“Recent elections in Montenegro were as nothing compared to what follows – the census. Dangerous tensions are threatening because the definitive final battle has begun, and the main question is whether Montenegro will survive as a separate national-cultural entity and identity or will become only one of the Serbian provinces, i.e. a branch of Serbia at sea” – this is what a Croatian journalist, Mr Vlado Vurušić, wrote in his opinion piece several days ago, commenting on the campaign that went viral on social media ahead of the next year’s census which denies the existence of the Montenegrin nation and calls Montenegrins ‘Milogorci’, writes Dnevne Novine daily. The aim of Serbia is to have 40% people declaring themselves as Serbs in Montenegro thus becoming the most numerous nation, which would have far-reaching consequences.
The Serbian government does not hide that the census in another, sovereign, independent state is its priority, and that it’ll act accordingly.
About ten months ago, on January 23 this year, the Serbian President, Mr Aleksandar Vučić, said in Jerusalem that for him the 2021 census in Montenegro was “of key importance”, because “it’d be a catastrophe if it shows what some people think – that Serbs are disappearing in Montenegro.”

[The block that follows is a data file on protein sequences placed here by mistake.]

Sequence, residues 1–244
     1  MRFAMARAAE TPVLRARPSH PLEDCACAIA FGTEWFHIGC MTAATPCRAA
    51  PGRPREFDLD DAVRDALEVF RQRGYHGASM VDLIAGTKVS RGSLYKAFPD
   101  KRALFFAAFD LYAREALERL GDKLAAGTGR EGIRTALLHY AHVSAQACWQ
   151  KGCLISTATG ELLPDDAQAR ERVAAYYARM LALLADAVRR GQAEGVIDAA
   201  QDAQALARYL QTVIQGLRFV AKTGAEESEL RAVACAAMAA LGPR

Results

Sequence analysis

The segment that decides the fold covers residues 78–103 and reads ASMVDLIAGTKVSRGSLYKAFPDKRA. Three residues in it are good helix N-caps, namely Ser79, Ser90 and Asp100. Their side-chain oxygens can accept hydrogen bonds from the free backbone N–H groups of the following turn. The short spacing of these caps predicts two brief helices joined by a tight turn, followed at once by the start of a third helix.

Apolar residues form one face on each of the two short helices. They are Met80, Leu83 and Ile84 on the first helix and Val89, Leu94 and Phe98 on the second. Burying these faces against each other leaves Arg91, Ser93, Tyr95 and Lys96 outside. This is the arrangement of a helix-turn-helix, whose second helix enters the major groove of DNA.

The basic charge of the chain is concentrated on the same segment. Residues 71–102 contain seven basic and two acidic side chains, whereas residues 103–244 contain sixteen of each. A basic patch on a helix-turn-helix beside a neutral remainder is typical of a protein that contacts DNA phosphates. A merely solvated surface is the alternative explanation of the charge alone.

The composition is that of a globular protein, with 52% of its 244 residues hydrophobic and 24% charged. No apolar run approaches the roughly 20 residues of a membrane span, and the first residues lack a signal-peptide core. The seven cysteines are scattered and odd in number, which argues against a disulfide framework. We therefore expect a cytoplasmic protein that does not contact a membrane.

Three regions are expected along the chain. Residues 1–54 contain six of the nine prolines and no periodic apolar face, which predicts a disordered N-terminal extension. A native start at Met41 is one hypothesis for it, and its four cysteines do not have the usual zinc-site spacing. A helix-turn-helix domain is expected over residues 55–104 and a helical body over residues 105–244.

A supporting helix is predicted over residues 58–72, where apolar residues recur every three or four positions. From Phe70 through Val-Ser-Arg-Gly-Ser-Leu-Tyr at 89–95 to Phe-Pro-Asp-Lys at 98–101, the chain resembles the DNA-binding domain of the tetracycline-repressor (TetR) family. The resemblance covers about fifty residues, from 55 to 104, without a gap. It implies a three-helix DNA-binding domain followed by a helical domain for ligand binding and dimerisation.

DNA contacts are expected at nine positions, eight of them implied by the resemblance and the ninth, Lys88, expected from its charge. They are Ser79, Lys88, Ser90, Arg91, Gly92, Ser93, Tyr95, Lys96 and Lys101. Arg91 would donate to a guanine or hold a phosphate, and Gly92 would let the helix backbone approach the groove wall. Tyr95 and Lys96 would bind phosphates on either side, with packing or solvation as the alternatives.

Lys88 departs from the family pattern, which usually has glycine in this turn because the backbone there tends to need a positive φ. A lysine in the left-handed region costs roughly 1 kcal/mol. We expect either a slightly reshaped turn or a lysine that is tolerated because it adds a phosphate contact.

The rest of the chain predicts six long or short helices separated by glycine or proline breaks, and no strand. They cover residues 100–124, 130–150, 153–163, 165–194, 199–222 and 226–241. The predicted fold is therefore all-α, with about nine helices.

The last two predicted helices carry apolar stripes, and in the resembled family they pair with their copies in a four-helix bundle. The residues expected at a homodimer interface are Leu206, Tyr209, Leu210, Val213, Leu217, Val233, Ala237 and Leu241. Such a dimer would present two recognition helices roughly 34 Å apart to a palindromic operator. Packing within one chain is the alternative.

“I don’t think it’s true. We will do our best to encourage the Serbian people to declare how their fathers and grandfathers had declared,” Mr Vučić said, emphasizing that his “obligation and right is to take care of his compatriots and the Serbian church, all four eparchies covering the territory of Montenegro”.
In mid-May this year, he went a step further, and stated that many in Montenegro’s 2011 census did not declare themselves as Serbs “in order to save their jobs and families”. He then mentioned the percentages, stating, as the Serbian media reported, the following: “We could not find 15 percent of Serbs through the previous research, and according to the last research, there are over 20% of them…”.
What did Mr Vučić want to say? That with 28% of Serbs, as many as declared themselves on the last census, there are still 15% of them, or even 20% of new ones that need to be found?
Before the President of Serbia began publicly speaking about the census in Montenegro, the Strategy on Cooperation with the Serbian Diaspora was adopted, which many analysts call SANU Memorandum 3, while Serbian Ambassador to Montenegro, Mr Vladimir Božović, announced the opening of a Serbian consulate in the town of Berane.
Serbia’s actions ahead of the new census are identical to the campaign against Montenegro and Montenegrins ahead of the previous 2011 census. At that time, the “Strategy for Preserving and Strengthening the Relations between the Home Country and the Diaspora and the Home Country and Serbs in the Region” was also adopted and raised tensions between Podgorica and Belgrade.